Public employees have the most at stake in the discussion about the health of public pension systems. That’s why, despite the measure proposed by San Jose Mayor Chuck Reed being pulled from the November statewide ballot, public employees will remain actively involved in the conversation. We’re not celebrating. Neither are we shying away from this difficult discussion. We’re asking what we can do next to help.

The political stage — theater fueled by big money donors and inflammatory TV ads — was the wrong venue to have this important discussion. The state’s teachers, firefighters, police officers, garbage truck drivers and other public employees are willing and eager to negotiate — but the proper venue for doing so is the bargaining table.

In fact, that kind of progress is being made through collective bargaining all across the state. According to CalPERS, public employee unions in nearly 400 municipalities have agreed to over 600 changes to their labor agreements in recent years. The concessions include paying more into our own retirements, agreeing to reduced formulas, and even raising the retirement age. For example just last year, city workers in Whittier and public safety workers in Rialto agreed to increased cost-sharing. However, that kind of bargaining rarely earns newspaper headlines.

Public employees have shown they are willing to do their part to help balance government budgets. We may not have liked the pension system overhaul Governor Brown signed in 2012, but once it became law our union leaders helped to implement the changes, which will amount to a reduction of more than $77 billion to public workers’ retirement and health care benefits.

Another example is the discussion over how to solve CalSTRS’ long-term funding needs. The Legislature has recently taken up the issue, holding hearings to address the estimated $71 billion shortfall. The California Teachers Association set the tone by acknowledging that increased contributions from educators must be part of the solution.

Public workers’ willingness to participate in this conversation is not met by a similar willingness from Reed, whose term as mayor of San Jose ends this year. Reed and his out-of-state billionaire backers (the seed money for his ballot measure came from Texas gas trader, hedge fund manager and former Enron executive John Arnold) simply say they will come back in 2016 with the same political tactic.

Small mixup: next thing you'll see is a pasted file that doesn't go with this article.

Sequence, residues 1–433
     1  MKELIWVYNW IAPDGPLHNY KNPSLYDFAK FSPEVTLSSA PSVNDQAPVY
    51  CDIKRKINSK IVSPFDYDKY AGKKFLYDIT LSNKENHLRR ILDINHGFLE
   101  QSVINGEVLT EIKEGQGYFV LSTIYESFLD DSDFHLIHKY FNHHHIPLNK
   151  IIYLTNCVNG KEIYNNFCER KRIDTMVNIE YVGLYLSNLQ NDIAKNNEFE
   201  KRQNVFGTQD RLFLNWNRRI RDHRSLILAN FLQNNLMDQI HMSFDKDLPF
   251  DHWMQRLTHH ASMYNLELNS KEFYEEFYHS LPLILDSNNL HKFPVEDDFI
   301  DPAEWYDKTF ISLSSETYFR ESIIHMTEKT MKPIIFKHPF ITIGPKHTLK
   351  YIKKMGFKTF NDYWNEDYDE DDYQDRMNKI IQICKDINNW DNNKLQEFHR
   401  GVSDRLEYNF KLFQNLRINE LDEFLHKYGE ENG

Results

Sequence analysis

Meanwhile, California’s largest pension funds continue to show healthy returns, blowing holes in the bogeyman argument over “unfunded liabilities.” Both of the state’s public employee retirement systems projected returns of 7.5 percent on their investments in 2013. The naysayers said that forecast was far too optimistic. However, Calpers showed a 16.2 percent return and CalSTRS earned 19.1 percent. And that’s not an anomaly; CalPERS has averaged better than 8 percent returns annually over the past two decades despite the recession. Before long, all the water will have drained out of the “unfunded liabilities” argument.

What won’t have changed is the fact that public workers in California are hard-working, middle-class individuals who serve their communities knowing they will never get rich. Over the course of their careers they earn less in salary than if they worked in the private sector, and when they retire they do so modestly. The average public employee pension in California today is just $31,000 a year. Most retire on less than $18,000, which is just 50 percent over the federal poverty level.

That’s why public employees are not waiting two years to have this conversation. Teachers, public safety officers, and other municipal workers understand the importance of continuing the discussion today, furthering the progress that has already been made, and we’re asking ourselves how we can best help to do that.